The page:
A favorite quote of my mom’s is; Opportunity is missed by most people because it comes dressed in overalls and looks like hard work. Thomas Edison. I think for me that quote simply means you have to work to succeed. Nothing is easy or everyone would be doing it. I used to work in my mom’s business, Coolballs®, she made antenna balls. I was 6 years old (lol, it wasn’t that kind of child labor. I had to have my homework done first. I loved it. It made me feel big.) I have always worked hard. My mom was the only mom who would give us summer homework! I would package Coolballs® in plastic bags, print them, or ship them out to customers. Bringing back manufacturing to the United States is important. We manufacture a high quality, American Made product. The United States fought for labor rights, fought to make this the country the land of opportunity, THE AMERICAN DREAM, but if we don’t manufacture anything anymore, what else will we do? We can't all be in the customer service industry, can we? Bulldog Lighting is affordable, because we are for the working man or woman. This quote means to me that opportunity isn't easy to grab but that it takes hard work in order to get the results that you want. Made In America doesn't have to cost you.


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FILE: The Bollman Hat Company Factory

Making it in America: Bollman Hats

This Week On Making It In America

We tip our hats off to American manufacturing with Don Rongione, President & CEO of the Bollman Hat Company and Founder of American Made Matters.

Can you please tell us about the Bollman Hat Company?

Founded in 1868 in Adamstown, PA, Bollman Hat Company is America’s oldest hat maker. Bollman has continually made wool felt hats for 146 years. During its first hundred years, Bollman added hat manufacturing capabilities to produce a hat from raw wool to finished product. We added fur felt and straw hats to our manufacturing capability during the 1950s, 1960s and 1970s. Today, Bollman has the best collection of hat brands in the headwear industry, including Bailey, Betmar, Country Gentleman, Helen Kaminski, Kangol and Pantropic. We became the first employee-owned headwear company when we adopted our Employee Stock Ownership Plan (ESOP) in 1985. Our employee-owners are proud to cover the world with unparalleled products that provide protection, comfort and style to millions throughout the world. We have nearly 300 people located on four continents and distribute products in 77 countries. Our products can be found worldwide in specialty stores, department stores, major and regional chain stores, and prominent catalog and e-commerce retailers. Throughout its incredible history, Bollman has been a primary supplier of private label headwear to the world’s leading brands and retailers covering fashion, outdoor apparel, uniform, formal wear and sports markets. Bollman owns hats.com, where consumers can browse and buy our products.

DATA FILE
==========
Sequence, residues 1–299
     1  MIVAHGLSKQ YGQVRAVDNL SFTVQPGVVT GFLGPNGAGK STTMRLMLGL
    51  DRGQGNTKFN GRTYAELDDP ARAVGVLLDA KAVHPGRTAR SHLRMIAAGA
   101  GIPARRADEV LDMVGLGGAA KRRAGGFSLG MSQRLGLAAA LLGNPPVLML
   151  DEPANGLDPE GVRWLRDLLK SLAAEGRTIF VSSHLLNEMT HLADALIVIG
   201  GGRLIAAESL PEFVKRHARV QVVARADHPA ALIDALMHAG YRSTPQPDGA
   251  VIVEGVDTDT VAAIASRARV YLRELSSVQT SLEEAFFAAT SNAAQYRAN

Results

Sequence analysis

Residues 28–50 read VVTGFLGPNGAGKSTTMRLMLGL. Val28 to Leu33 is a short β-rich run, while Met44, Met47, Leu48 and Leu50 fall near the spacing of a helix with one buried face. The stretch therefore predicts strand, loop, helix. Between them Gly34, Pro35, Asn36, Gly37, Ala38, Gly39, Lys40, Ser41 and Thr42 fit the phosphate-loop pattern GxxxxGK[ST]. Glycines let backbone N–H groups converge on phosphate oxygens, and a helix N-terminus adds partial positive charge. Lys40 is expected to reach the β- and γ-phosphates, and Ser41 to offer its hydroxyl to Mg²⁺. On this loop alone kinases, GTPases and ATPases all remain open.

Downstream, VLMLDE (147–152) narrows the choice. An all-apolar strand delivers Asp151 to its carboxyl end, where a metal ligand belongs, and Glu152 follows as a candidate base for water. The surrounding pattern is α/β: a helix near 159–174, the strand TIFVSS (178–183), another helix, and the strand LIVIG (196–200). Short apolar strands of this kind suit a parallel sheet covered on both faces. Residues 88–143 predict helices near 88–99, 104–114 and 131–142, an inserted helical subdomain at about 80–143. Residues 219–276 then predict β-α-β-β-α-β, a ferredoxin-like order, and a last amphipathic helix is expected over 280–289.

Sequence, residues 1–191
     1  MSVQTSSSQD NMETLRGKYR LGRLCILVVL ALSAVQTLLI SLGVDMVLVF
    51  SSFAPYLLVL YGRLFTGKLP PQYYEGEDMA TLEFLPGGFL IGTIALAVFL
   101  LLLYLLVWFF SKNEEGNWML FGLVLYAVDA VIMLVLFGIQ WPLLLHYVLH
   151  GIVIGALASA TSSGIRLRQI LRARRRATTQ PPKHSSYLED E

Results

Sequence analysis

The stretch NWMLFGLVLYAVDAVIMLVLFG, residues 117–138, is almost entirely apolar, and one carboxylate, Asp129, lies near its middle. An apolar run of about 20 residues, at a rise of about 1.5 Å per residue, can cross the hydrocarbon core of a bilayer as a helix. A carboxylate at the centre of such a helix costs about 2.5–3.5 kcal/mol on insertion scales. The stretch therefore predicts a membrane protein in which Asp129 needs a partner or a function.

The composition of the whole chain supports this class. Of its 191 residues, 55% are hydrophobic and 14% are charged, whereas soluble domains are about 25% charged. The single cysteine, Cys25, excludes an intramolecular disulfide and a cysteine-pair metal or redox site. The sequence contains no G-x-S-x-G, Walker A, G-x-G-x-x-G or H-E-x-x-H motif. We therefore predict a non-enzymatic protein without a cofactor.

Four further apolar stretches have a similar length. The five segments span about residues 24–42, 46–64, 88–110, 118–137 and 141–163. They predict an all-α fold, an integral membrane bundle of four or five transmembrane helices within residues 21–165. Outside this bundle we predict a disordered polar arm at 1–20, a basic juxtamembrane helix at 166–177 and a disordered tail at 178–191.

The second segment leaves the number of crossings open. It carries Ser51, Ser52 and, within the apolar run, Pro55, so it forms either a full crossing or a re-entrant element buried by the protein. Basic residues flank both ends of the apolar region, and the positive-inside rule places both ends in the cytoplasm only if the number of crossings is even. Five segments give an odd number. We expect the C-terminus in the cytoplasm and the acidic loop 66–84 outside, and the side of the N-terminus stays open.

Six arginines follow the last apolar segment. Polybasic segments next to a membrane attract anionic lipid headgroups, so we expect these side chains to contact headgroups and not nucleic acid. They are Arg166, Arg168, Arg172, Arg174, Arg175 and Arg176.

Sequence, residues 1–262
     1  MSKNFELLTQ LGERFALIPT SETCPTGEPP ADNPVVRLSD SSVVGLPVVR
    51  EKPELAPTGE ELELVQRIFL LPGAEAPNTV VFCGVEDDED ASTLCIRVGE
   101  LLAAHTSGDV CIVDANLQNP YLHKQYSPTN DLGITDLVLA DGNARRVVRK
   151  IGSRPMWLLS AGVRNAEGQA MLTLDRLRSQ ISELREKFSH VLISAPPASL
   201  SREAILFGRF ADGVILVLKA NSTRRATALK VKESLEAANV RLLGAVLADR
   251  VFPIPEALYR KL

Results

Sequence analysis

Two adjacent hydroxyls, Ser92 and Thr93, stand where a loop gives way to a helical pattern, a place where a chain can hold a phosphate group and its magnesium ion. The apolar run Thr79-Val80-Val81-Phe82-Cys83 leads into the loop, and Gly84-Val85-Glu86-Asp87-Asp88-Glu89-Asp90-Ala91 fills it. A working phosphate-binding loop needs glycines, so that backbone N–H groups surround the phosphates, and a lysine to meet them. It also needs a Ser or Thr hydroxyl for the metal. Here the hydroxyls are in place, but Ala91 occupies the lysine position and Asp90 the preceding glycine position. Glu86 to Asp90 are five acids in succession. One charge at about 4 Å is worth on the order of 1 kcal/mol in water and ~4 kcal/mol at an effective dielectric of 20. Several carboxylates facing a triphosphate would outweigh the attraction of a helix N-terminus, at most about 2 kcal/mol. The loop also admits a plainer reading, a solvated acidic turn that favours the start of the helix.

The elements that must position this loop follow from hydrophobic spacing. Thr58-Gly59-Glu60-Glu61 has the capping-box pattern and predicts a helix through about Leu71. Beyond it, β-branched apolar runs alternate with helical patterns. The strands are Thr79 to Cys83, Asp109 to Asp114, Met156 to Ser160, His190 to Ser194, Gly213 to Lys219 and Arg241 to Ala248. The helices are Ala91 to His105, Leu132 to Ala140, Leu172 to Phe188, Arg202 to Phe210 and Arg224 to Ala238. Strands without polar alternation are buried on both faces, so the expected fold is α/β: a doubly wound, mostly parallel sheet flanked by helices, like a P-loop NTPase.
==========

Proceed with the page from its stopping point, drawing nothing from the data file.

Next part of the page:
When did you first join the company? How did your role progress?

I started at Bollman as Controller in 1982. I have been blessed to serve in several positions within the company including Vice President of Administration, Sr. Vice President of Manufacturing, Executive Vice President and COO and finally President and CEO in 2002.

Why is making it in America significant at Bollman Hat Company?

Bollman is America’s oldest hat maker and will soon celebrate 150 years of U.S. hat making. I experienced the tragic decline of American manufacturing first hand when loss of major customers to foreign competition forced us to lay off more than 100 U.S. manufacturing employees. It was this experience that led me to found American Made Matters (AMM), an organization dedicated to educating consumers on just how important American manufacturing is to our country. Today AMM has close to 300 members in 43 states. Bollman is the home of American Made Matters.

What challenges has the Bollman Hat Company overcome throughout history in order to continue making it in America?

For our first ninety years, the hat industry flourished as wearing a hat was part of the daily uniform. The company always sought to develop new products and new markets. The loyalty and commitment of our people has been a hallmark of our famous company. We have 13 employee-owners during our history who worked for our company for 50 or more years of services. In 1985, we started our Employee Stock Ownership Plan (ESOP) making all of our employees owners of the company. Manufacturing in the USA continues to be a challenge for many companies with high labor-content products. However we are dedicated to keeping the jobs for our employee-owners here in the U.S.A. as well as being good stewards of our heritage.